. . . He has gone to a Temperance Lecture this evening.
He intends becoming a member of the Temperance Society; indeed I do not know but he has signed the paper already.
He is a good little dear, and I approve of everything (almost smoking) he does.
He is becoming an advocate of vegetable diet, Dr. Mussey's hobby; and Clara and I have nothing but lectures from him and Alexander, upon corsets.
The following extract gives us a glimpse of his literary work:—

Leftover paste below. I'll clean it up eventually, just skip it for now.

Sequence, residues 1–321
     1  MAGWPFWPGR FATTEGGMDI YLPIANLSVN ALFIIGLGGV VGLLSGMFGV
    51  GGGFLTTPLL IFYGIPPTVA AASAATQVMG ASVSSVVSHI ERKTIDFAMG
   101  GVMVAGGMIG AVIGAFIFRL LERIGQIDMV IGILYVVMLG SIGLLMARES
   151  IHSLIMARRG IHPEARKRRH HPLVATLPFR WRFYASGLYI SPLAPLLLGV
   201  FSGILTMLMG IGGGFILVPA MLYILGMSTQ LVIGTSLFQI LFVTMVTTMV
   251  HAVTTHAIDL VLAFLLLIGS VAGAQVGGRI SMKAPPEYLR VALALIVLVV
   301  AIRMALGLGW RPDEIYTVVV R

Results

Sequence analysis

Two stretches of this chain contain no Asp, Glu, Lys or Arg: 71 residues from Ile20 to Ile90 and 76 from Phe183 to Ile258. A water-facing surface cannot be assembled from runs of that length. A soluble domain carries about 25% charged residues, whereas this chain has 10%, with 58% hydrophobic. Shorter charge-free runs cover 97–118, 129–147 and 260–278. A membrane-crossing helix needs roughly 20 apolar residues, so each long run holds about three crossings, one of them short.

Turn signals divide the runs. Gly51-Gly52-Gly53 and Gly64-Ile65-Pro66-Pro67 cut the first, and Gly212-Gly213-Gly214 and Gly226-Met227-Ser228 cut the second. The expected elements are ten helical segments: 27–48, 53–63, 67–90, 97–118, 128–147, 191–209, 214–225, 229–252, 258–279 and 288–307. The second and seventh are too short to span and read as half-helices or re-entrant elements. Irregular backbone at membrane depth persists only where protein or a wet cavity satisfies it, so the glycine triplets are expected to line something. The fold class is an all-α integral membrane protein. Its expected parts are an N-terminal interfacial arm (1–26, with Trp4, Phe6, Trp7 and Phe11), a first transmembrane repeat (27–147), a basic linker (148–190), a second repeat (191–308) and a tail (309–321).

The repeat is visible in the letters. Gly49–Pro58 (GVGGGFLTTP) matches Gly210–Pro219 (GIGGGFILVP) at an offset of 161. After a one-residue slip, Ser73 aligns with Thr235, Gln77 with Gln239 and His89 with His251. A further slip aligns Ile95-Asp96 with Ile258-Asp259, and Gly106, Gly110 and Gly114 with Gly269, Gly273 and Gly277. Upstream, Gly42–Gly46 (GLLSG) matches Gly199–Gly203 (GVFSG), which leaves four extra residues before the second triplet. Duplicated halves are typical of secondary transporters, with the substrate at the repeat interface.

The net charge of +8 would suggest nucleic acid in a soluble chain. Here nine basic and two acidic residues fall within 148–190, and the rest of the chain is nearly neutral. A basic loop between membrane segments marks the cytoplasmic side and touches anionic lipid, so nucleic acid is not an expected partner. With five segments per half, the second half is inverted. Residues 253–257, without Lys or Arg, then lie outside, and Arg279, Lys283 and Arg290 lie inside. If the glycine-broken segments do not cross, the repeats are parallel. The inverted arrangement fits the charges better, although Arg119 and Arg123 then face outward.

Brunswick, Nov. 2, 1834.
Henry comes on famously with Outre Mer. The No. on Spain is finished and that on Italy will be before Thanksgiving.
It is by far more interesting than any of the other No's. Henry thinks himself it is much superior in point of interest and in style.
I presume he will have the remaining No's published together in N. Y. this winter.
In the midst of such literary and household cares he received the following letter:—
Cambridge, December 1, 1834.
dear Sir,—Professor Ticknor ha<